This Week In Weather – October 31 to November 6, 2021

This Week In Weather – October 31 to November 6, 2021<strong class=" title="This Week In Weather – October 31 to November 6, 2021" decoding="async" fetchpriority="high" srcset=" 572w, 300w" sizes="(max-width: 572px) 100vw, 572px">

Bosnia Flooding

Rain is forecast for Monday, which may pose a challenge to relief efforts from the damages of the previous floods.

Severe flash flooding caused by heavy rains following warm weather has hit parts of Bosnia on Friday. The capital of the country – Sarajevo had been left without power for hours. The flooding prompted evacuations and school cancelations. Hundreds of homes in the suburbs of the capital along the rivers Bosnia, Tilava, and Zeljeznica and in the southwest part of the country, around Konjic, had been evacuated due to non-stop heavy downpours. “Everything is underwater … The situation is bad and we do not expect it to improve soon,” said a firefighter coordinating evacuations. The only certified medical oxygen-refilling plant in the country, part of the German Messer Group, was evacuated after it flooded. “We could not save the equipment,” Avdo Delic, the general manager of Messer’s branch in Bosnia, told reporters [1]. Delic expressed concerns that Bosnian hospitals could run out of oxygen cylinders to treat COVID-19 patients unless the operations are restored elsewhere. Rain started late on Thursday and forecasts say it will continue to fall until Sunday.

Record High UV Radiation Recorded in Bolivia

Bolivian city of La Paz has been hit by an unusual heatwave, with levels of ultraviolet (UV) radiation going off the charts, exacerbated by unusually low levels of cloud cover. UV radiation levels reached as high as 21 on a scale that normally only goes up as high as 20. According to the World Health Organization, a UV Index of 11 is regarded as “extreme,” with people cautioned to avoid exposure to the sun.

“It isn’t normal,” say citizens trying to cool themselves by eating shaved ice and keeping to the shadows. “This is an issue that has literally had La Paz cooking,” said Juan Pablo Palma, a risk management official in the municipality. [2] “Rainy seasons can bring the same amount of rain but it’s getting shorter,” said Luis Blacutt, a researcher at the atmospheric physics laboratory in La Paz.

Smog Covers Skies of New Delhi, Beijing

Residents of the capital of India woke up under a blanket of smog after Diwali revelers defied a fireworks ban during India’s annual Hindu festival of lights. The Air Quality Index (AQI) surged to 463 on a scale of 500, indicating “severe” conditions. “The firecracker ban didn’t seem to be successful,” said Sunil Dahiya, an analyst at the Center for Research on Energy and Clean Air (CREA) as pollution reached hazardous levels [3]. In Delhi, a city of about 20 million people, PM2.5 levels on Friday averaged 706 micrograms per cubic meter of air. The World Health Organization deems anything above 5 micrograms as unsafe.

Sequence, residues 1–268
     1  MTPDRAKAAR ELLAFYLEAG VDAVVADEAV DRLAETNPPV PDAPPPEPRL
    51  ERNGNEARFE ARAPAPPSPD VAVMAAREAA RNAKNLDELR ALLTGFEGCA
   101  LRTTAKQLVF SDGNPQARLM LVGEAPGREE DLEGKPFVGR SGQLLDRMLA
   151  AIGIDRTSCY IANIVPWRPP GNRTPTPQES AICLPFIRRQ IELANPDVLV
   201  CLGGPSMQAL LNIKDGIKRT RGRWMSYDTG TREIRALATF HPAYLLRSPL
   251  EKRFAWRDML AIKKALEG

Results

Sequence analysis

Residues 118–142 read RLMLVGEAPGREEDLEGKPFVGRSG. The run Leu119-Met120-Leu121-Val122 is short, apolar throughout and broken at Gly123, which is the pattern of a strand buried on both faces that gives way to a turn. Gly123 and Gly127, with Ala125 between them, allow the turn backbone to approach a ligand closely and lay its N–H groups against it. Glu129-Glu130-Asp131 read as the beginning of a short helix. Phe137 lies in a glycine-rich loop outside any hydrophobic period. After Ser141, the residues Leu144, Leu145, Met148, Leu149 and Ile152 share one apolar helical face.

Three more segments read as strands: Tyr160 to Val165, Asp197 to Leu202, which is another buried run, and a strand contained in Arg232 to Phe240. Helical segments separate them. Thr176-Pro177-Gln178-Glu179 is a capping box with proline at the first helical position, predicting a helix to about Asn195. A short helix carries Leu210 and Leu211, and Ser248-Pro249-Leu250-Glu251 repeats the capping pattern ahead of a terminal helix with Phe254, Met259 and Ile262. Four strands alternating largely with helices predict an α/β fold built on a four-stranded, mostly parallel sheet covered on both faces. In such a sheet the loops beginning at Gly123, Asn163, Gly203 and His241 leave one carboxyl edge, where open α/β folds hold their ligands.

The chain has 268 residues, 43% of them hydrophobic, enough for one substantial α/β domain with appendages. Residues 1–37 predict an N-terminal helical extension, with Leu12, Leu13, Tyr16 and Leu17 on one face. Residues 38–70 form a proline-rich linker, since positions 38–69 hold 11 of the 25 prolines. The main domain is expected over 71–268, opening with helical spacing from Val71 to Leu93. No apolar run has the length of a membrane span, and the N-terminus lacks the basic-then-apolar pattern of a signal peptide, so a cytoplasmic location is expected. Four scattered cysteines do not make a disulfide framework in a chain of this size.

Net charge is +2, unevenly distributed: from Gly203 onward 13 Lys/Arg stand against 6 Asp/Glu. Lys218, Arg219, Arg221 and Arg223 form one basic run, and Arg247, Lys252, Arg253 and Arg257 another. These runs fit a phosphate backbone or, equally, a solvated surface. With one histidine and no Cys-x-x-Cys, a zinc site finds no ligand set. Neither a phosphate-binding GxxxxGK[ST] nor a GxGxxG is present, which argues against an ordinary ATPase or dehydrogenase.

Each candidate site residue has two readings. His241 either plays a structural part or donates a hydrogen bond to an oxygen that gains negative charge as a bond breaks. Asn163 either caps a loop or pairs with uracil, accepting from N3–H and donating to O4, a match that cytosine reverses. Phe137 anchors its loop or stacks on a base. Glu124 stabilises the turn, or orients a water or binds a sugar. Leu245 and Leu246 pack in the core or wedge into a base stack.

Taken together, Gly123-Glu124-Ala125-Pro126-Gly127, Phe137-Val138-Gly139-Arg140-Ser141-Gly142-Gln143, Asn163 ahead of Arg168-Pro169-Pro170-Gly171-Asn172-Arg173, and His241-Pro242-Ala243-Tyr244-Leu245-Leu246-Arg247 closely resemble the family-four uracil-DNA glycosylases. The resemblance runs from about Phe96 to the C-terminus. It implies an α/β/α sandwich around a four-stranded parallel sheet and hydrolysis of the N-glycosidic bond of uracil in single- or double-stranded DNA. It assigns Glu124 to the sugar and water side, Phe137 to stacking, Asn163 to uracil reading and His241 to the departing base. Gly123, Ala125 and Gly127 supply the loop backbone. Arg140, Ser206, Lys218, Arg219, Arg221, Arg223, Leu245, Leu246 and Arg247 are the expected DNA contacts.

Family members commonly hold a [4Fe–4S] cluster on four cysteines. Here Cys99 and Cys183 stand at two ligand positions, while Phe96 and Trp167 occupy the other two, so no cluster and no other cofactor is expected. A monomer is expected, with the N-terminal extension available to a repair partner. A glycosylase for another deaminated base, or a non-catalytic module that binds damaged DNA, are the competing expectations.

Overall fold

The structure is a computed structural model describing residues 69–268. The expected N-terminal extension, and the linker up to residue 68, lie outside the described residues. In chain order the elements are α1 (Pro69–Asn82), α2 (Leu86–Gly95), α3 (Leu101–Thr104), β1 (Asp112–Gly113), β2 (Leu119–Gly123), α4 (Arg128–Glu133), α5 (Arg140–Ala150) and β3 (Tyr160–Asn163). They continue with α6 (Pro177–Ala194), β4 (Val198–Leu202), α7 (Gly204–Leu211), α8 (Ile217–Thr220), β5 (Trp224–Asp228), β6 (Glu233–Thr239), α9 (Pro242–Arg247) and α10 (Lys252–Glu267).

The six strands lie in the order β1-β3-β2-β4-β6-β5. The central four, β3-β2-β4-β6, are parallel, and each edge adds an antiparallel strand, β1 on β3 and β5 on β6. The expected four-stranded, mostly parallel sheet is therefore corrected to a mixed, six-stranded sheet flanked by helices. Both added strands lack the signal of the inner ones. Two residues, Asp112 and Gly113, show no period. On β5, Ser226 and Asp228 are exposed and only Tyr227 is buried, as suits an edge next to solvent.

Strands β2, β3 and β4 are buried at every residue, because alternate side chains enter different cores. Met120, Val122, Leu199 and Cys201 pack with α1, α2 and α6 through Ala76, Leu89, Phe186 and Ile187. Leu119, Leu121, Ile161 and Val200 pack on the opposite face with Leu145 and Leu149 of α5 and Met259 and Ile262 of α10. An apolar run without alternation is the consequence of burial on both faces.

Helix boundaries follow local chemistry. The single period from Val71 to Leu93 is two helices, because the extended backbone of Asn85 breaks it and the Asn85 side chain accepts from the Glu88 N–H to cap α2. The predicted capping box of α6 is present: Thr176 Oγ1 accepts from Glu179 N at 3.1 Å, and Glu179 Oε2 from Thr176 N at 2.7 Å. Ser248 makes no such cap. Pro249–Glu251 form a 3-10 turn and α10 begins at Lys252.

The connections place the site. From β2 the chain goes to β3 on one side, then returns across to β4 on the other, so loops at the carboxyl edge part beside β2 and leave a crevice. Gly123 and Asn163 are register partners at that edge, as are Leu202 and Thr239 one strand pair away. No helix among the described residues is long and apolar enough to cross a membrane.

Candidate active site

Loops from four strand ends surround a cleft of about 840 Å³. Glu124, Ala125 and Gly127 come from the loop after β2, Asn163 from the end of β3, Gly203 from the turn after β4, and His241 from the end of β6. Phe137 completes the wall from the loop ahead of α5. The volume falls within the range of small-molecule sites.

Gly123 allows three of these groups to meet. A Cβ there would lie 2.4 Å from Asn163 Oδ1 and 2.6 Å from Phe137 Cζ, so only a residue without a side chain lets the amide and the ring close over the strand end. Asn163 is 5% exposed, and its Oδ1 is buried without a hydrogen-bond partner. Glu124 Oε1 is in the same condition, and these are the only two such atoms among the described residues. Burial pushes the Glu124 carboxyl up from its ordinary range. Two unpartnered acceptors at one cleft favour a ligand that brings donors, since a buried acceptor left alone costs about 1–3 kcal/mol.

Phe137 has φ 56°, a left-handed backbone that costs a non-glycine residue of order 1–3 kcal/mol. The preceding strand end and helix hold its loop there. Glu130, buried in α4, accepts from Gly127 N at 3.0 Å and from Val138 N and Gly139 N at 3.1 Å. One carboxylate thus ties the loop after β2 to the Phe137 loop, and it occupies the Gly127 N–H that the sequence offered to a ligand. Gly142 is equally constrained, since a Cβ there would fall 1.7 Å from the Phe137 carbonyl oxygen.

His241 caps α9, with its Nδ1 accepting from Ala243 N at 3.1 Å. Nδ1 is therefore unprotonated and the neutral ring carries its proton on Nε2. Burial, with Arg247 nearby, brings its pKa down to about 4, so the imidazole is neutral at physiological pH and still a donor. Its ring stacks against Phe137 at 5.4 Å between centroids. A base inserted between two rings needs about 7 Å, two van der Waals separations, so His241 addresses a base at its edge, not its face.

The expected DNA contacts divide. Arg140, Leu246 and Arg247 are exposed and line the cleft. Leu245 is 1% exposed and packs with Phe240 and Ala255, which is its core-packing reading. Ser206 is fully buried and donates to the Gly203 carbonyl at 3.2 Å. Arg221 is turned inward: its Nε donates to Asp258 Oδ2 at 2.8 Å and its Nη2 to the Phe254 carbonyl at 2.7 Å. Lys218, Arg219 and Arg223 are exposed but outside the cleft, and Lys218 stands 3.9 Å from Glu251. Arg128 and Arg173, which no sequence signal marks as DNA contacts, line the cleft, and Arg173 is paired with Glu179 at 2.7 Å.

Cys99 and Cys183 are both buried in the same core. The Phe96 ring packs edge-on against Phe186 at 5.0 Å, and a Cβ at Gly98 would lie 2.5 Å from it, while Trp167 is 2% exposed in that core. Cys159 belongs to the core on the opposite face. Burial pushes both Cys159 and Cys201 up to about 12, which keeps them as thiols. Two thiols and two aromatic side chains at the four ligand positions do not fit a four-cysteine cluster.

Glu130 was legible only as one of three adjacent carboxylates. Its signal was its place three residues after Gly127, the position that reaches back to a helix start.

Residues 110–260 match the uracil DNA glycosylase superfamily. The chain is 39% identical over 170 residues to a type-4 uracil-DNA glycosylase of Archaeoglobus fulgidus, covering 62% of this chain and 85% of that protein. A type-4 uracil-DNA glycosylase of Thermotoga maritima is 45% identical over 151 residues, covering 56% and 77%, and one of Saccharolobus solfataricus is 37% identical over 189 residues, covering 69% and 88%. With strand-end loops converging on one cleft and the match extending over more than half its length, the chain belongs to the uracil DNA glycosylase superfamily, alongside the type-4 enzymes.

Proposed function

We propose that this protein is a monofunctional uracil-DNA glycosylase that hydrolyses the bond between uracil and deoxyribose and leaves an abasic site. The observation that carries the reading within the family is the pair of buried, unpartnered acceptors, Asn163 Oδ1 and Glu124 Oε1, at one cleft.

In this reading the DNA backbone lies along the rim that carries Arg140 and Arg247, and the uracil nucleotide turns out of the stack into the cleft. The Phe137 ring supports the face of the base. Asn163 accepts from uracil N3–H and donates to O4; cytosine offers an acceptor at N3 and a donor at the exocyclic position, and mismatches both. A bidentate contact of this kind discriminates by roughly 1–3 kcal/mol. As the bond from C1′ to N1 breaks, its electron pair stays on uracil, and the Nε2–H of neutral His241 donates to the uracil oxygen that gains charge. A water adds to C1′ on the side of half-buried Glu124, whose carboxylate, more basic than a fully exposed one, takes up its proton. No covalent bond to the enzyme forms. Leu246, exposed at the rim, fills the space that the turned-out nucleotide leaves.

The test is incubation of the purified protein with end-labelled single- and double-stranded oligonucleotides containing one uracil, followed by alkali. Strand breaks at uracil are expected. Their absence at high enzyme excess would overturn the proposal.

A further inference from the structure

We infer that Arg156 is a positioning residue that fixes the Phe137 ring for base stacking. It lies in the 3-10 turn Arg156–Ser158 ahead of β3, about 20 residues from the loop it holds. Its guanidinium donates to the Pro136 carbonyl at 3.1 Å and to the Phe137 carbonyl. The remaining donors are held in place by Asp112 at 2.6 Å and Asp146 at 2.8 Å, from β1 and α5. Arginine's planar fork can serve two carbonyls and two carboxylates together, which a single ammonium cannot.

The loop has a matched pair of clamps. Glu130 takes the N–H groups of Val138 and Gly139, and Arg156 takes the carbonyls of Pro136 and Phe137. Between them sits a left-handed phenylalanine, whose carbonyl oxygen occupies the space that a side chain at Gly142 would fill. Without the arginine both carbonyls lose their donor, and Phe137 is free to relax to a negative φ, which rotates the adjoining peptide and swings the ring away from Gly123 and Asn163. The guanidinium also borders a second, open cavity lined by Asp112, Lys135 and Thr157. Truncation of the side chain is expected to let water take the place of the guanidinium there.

Extremely unhealthy air quality continued over Northern India on Sunday, with a few areas recording AQI measurements exceeding 700.

Adding to the annual festival of lights, in the Indian states of Punjab and Haryana that set their fields on fire for them to quickly clear it. Reasons that smoke reaches the country’s capital are the Himalayas acting as natural barriers and the cold mountain air rushing southeastward. The warm air keeps pollution trapped on the ground with nowhere to go, and as the fire smoke arrives in Delhi, it mixes with the urban pollution forming toxic smog covering the city.

Meanwhile in China, visibility in parts of Beijing was less than 200 meters on  Friday, forcing the closure of some highways. The PM2.5 level reached as high as 234 micrograms per cubic meter on Friday. The smog severely limited that city’s tallest buildings vanishing in the haze. The heavily industrialized Beijing-Tianjin-Hebei region often suffers from heavy smog in the fall and winter, especially on days without wind. A cold wave coming from Siberia over the weekend is expected to disperse the pollution.

Deadly Floods Strike Java

Rescuers scrambled on Friday to find survivors under hillsides after flash floods on Java island killed at least eight people, according to the disaster agency. Torrential rains on Thursday and Friday caused flash floods in the towns of Malang and Batu, inundating houses with mud and debris, while the floodwater destroyed bridges. Six people were pulled alive, while rescuers found six bodies in Batu and two more in Malang. Rescue teams continue to find more people unaccounted in Batu, said Abdul Muhari [4], spokesperson of Indonesia’s National Disaster Mitigation Agency. Ganip Warsito, the agency chief, said that heavy rains across the country are expected to continue and increase until February, partly because of La Niña.

[1] (, Deutsche Welle. “Flash Flooding Wreaks Havoc in Bosnia: DW: 05.11.2021.” DW.COM, Deutsche Welle, 5 Nov. 2021,

[2] Reuters, Story by. “’This Sun Isn’t Normal’: Extreme UV Radiation Is Broiling Bolivia’s Highlands.” CNN, Cable News Network, 3 Nov. 2021,

[3] Reuters. “Diwali Leaves New Delhi Wheezing in Dangerously Unhealthy Air.”, NBCUniversal News Group, 5 Nov. 2021,

[4] AFP. “Indonesia Flash Floods Kill at Least Eight.” Yahoo! News, Yahoo!, 5 Nov. 2021,
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